It was a torrent that I could hardly catch, much less reproduce. I asked at the end: 'But, Bapu, Should the penance take only this shape, and no other? Is fasting prescribed by our religion?' ' Certainly,' said he, 'What did the Rishis of old do? It is unthinkable that they ate anything during their penances-insome cases, gone through in caves, and for hundreds of years. Parvati who did penance to win Shiva would not touch even the leaves of trees, much less fruit or food. Hinduism is full of penance and prayer. I have decided on this fast with deeper deliberation than I gave to any of my previous fast. I had such a fast in mind even when I conceived and launched non-co-operation. At that time, I said to myself, 'I am placing this terrible weapon in the hands of the people. If it is abused, I must pay the price by laying down my life.' That moment seems to have arrived today. The object of the previous fast was limited. The object of this is unlimited and there is boundless love at the back of it. I am today bathing in that ocean of love.'
  • Maulana Shaukat Ali came the next day. Maulana Mohammad Ali had built much on his coming, for he had fondly hoped tha the would probably shake Gandhiji's resolve. Indeed Gandhiji had promised him that he would give up the vow if Shaukat or he convinced him that he fast was morally or in any other way wrong. The long talk with him was,, however, of no avail, as far as the continuance of the fast was concerned, but it threw even more light on the inner meaning. 'What have we done, Mahatmaji, to remedy the situation?' he exclaimed. 'Almost nothing! you have been preaching through your paper, but you have yet undertaken no long journey. Pray, travel through the affected areas and purify the atmosphere. This fast is hardly the way to fight the wrong.'
    Gandhiji replied: 'It is for me a pure matter of religion. I looked around me, and questioned myself, and found that I was powerless. What could I effect even by means of long tour? The masses suspect us today. Pray, do not believe that the Hindus in Delhi fully trust me. They were not unanimous in asking me to arbitrate. And naturally, there have been murders. How can I hope to be heard by those who have suffered? I would ask them to forgive those who have murdered their dearest ones. Who would listen to me? The Anjuman (a Muslim organisation) refuses to listen to Hakimji. When we were in the midst of negotiation abou ttheir arbitration, I heard of Kohat (the place where communal fury burst out wildly). I asked myself, 'What are you going to do now?' I am an irrepressible optimist, but you at times base yours on sands. No one will listen to you today. In Visnagar in Gujarat, they gave a cold shoulder to Mr. Abbas Tyabji and Mahadeo. In Ahmedabad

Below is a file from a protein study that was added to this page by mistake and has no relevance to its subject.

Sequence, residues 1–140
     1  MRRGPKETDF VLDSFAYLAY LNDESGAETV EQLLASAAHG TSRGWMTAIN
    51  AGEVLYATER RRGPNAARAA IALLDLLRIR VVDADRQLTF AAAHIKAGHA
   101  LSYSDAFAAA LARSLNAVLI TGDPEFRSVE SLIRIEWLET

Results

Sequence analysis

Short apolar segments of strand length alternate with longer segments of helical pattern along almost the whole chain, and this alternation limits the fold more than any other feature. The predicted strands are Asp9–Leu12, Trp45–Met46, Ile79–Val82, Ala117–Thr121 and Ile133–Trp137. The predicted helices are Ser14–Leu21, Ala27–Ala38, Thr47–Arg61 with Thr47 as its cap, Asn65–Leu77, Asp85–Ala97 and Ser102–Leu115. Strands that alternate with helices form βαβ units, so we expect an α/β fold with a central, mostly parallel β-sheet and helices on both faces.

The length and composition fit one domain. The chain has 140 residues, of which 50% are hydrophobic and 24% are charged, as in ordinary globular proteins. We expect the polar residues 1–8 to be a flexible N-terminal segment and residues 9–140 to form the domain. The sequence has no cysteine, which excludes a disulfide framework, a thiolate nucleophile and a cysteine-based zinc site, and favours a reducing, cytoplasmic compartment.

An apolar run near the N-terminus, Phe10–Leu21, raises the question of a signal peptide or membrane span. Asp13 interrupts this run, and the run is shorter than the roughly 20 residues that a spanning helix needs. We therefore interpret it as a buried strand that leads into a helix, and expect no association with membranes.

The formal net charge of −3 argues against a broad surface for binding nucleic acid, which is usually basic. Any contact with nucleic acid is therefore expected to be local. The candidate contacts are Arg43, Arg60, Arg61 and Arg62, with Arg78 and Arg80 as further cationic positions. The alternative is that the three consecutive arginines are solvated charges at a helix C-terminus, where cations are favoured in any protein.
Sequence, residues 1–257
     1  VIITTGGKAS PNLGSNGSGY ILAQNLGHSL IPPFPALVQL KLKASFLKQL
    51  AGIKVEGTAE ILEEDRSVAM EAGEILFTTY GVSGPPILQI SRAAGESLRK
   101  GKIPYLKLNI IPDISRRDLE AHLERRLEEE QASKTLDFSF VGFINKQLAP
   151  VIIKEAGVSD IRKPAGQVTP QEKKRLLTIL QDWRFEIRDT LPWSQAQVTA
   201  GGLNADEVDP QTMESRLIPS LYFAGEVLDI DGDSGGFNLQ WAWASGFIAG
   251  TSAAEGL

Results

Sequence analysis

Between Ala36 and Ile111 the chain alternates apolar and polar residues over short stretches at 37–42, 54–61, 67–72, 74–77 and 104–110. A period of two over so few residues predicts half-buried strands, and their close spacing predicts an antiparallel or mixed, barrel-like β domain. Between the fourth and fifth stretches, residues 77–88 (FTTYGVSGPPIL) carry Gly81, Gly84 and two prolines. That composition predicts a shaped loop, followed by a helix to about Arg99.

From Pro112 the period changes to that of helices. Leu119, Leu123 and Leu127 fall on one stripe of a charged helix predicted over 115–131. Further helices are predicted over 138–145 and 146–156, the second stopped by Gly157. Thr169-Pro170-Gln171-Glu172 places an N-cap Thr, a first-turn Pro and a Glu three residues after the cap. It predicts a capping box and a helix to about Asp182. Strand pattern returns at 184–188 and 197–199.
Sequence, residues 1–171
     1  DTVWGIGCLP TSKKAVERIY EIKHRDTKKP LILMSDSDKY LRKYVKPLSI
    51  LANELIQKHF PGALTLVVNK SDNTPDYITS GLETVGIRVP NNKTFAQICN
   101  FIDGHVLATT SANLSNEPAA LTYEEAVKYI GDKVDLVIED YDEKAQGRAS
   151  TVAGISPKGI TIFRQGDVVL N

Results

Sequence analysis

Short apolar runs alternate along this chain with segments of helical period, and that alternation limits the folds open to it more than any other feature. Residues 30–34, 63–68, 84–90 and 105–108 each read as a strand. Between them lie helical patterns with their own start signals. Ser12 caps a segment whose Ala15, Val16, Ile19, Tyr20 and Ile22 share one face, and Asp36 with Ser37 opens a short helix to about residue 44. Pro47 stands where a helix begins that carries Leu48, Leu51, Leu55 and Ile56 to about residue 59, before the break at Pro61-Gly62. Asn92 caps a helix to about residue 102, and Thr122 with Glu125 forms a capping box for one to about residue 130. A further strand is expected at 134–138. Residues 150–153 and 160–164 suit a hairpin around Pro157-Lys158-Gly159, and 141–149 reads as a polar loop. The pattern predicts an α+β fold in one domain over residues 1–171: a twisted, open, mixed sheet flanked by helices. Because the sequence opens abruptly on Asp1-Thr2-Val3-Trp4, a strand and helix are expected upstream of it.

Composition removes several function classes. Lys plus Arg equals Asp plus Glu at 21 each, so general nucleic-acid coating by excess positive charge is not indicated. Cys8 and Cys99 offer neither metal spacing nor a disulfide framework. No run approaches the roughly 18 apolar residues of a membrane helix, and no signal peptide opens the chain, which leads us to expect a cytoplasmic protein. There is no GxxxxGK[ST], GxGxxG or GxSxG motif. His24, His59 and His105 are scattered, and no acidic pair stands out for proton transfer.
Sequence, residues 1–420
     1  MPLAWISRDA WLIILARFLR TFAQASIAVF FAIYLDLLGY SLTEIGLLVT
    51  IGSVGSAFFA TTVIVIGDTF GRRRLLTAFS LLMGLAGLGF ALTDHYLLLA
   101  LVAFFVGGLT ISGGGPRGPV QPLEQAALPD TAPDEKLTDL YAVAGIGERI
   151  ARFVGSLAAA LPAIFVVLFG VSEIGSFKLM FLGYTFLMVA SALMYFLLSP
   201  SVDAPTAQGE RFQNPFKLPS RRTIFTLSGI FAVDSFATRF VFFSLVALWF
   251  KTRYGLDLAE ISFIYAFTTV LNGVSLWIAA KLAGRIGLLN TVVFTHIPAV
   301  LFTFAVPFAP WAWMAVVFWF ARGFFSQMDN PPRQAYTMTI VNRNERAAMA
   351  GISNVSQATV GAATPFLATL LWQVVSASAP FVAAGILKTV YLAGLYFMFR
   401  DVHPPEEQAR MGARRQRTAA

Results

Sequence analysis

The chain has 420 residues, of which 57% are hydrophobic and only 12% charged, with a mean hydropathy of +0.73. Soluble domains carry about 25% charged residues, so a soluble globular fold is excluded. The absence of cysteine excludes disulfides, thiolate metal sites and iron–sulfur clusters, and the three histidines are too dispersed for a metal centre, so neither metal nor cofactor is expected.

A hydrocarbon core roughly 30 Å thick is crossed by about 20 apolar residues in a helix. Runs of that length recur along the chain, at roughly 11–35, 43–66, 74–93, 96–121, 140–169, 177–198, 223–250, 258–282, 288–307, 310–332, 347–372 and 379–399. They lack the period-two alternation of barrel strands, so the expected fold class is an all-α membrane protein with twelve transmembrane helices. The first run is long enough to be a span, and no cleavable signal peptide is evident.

'Fight I do not mind if it be fair, honourable, brave fighting between the two communities. But today it is all a story of unmitigated cowardice. They would throw stones and run away, murder and run away, go to court, put up false witnesses and cite false evidence. What a woeful record? How am I to make them brave? You are trying your best. But I should also try my best. I must recover the power to react on them.' 'No', rejoined Shaukat Ali. 'You have not failed. They listened to you. They were listening to you . In your absence they had other advisers. They listened to their advice and took to evil ways. They will still see the folly of their ways, I am sure. You have done much to reduce the poison in the popular mind. I would not bother about these disturbances at all. I would simply go and tell them, "Devils, play this game to your hear's content. God is still there. You may kill one another. You cannot kill Him.' Do not, Sir, come in the way of the lord. You are wrestling Him. Let Him have His way'.
  • A Polish student brought a photograph to Gandhiji and got it autographed by him. “There is,” he said, “a school conducted by Catholic Fathers. I shall help the school from the proceeds of the sale of this photograph.” Gandhiji took back the photograph from the student and said, “Ah, that is a different story. You do not expect me to support the Fathers in their mission of conversion? You know what they do?” The Harijan of June 27, 1936 which relates this incident, continues, “And with this he told him… the story of the so-called conversions in the vicinity of Tiruchengodu, the desecration and demolition of the Hindu temple, how he had been requested by the International Fellowship of Faiths to forbear writing about the episode as they were trying to intervene, how ultimately even the intervention of that body composed mainly of Christians had failed, and how he was permitted to write about it in the Harijan. He, however, had deliberately refrained from writing in order not to exacerbate feelings on the matter.”
    • DISCUSSION WITH A POLISH STUDENT .[On or before June 12, 1936] Harijan, 27-6-1936. Diary of Mahadev Desai. in Gandhi Coll Works, Volume 63. p 47-48. also quoted in Goel: HISTORY OF HINDU-CHRISTIAN ENCOUNTERS and also in Shourie, Arun (1994). Missionaries in India: Continuities, changes, dilemmas. New Delhi : Rupa & Co, 1994, p 16-17.